Wilpon told Newsday in an exclusive interview that he has had recent discussions with Wang about relocating the team to a new Queens arena and also said that it remains a possibility that he could buy the team.
"I've had conversations with Charles," Wilpon said by phone Tuesday, "and we've talked about Queens. We'd like to be helpful and I think Queens is an option. We built Citi Field well under budget and on time. I have all my guys ready.
"We haven't really discussed ownership. It has been more of, 'Can we get something synergistic with Citi Field and a hockey arena, what can happen here?' "
Although the majority of their conversations have focused on building a new arena, Wilpon has not ruled out the possibility of owning the Islanders.
Wang has lost an average of $23 million a year since buying the team 10 years ago and is impatient with the pace of the proposed Lighthouse Project.
With the Town of Hempstead attempting to downsize Lighthouse development plans and Wang frustrated by the additional time and money it would cost to scale it back, the two sides have failed to come to an agreement. Still, Nassau officials say they would like the team to remain in the county.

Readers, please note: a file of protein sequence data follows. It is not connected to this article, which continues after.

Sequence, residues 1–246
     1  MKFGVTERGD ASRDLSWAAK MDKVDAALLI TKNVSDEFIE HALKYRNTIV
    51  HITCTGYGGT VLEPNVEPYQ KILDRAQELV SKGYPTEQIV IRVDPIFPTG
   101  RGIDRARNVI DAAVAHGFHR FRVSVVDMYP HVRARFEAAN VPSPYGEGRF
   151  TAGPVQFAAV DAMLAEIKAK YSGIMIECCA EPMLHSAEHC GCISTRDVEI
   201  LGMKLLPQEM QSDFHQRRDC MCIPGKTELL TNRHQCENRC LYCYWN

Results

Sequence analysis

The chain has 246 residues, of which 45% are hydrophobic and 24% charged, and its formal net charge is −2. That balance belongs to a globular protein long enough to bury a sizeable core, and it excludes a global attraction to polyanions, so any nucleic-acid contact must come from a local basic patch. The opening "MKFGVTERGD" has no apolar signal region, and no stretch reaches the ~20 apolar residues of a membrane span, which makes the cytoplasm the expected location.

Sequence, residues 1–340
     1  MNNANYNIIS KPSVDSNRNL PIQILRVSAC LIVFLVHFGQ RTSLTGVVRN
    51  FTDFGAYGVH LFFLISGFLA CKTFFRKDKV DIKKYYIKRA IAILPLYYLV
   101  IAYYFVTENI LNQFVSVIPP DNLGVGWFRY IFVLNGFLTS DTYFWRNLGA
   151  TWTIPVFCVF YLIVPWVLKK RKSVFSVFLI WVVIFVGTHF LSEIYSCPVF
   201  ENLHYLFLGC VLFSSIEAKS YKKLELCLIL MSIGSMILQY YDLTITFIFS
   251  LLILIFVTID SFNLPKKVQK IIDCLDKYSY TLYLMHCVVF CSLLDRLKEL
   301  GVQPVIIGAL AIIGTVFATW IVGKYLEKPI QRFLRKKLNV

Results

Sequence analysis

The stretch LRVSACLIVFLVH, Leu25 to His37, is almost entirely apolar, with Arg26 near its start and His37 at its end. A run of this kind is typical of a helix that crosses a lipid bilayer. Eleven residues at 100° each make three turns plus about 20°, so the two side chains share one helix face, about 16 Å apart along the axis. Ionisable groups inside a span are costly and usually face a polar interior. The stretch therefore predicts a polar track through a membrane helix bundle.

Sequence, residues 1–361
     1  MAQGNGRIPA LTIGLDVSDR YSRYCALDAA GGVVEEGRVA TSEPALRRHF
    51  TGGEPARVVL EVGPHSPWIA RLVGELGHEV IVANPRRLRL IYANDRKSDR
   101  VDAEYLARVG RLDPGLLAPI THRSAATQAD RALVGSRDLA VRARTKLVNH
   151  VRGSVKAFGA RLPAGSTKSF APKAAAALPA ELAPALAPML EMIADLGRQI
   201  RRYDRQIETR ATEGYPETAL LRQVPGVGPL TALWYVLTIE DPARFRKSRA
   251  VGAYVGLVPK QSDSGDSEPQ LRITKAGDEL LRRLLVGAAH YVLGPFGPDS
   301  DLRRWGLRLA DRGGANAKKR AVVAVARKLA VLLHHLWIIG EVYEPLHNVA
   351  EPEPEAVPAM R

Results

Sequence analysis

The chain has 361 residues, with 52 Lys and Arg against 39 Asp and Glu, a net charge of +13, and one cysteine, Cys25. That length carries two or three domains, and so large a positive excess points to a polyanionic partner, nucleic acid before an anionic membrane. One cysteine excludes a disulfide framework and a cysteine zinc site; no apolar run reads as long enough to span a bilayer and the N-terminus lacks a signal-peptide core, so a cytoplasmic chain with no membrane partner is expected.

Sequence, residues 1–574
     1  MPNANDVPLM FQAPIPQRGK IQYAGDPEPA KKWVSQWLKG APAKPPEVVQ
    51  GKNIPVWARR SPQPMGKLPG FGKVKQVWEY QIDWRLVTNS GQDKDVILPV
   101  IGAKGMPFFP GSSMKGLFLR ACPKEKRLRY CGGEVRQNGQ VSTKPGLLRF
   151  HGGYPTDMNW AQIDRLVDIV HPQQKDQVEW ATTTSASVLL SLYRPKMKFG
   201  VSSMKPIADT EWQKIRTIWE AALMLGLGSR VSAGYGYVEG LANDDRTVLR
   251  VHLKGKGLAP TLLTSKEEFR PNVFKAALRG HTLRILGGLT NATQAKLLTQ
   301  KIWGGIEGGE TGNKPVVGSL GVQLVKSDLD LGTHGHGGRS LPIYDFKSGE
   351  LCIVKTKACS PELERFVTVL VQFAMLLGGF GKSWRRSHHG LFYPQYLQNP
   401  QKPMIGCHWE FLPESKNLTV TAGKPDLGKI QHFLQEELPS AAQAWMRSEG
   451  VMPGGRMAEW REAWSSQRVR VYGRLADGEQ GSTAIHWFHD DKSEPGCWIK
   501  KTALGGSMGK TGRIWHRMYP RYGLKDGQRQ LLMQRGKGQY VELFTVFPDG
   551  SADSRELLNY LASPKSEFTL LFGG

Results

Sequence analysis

"We are working hard to keep the Islanders in Nassau County," County Executive Edward Mangano said Tuesday.
A modified development plan is expected to be presented at some point this summer, Hempstead Town officials said.
In addition to the potential landing spots for the Islanders, there has been speculation that Wang, who did not return calls seeking comment, might turn to the National Hockey League for assistance and ask the league to take a controlling interest in the team.
"Totally and uncategorically untrue," NHL Deputy Commissioner Bill Daly said in an e-mail to Newsday.
The Wilpon-Wang connection, however, sheds new light on the team's situation.
Wilpon said he has been in touch with Major League Soccer commissioner Don Garber about bringing a soccer facility to the area as well, although the likelihood of building both a hockey and soccer venue looks slim.
"We probably can't do both," Wilpon said. "We just need to look at what could be done, as diverse as it is."
"We've had numerous discussions with Charles [Wang] and with Don Garber about soccer as well. We've been in touch, talking to Charles about what can be done synergistically with all of his technological [assets]. He likes the market here and they have all been positive conversations with him."
While the dialogue between Wilpon and Wang is an encouraging sign to Islanders fans who would like to see the team stay in New York rather than relocating to Kansas City or a Canadian locale, nothing is imminent.
"We are certainly willing and able and happy to work with Mr. Wilpon, but we have not heard any concrete plan as of today of bringing the Islanders into Queens," Queens Borough President Helen Marshall said. "It has to be real."
Wilpon said in the interview he, Wang and Garber are talking.
"It wouldn't be fair to say we have made any verbal agreements or even a handshake agreement, but we're definitely in the exploratory phase with both of them," Wilpon said.
Randi Marshall contributed to this story
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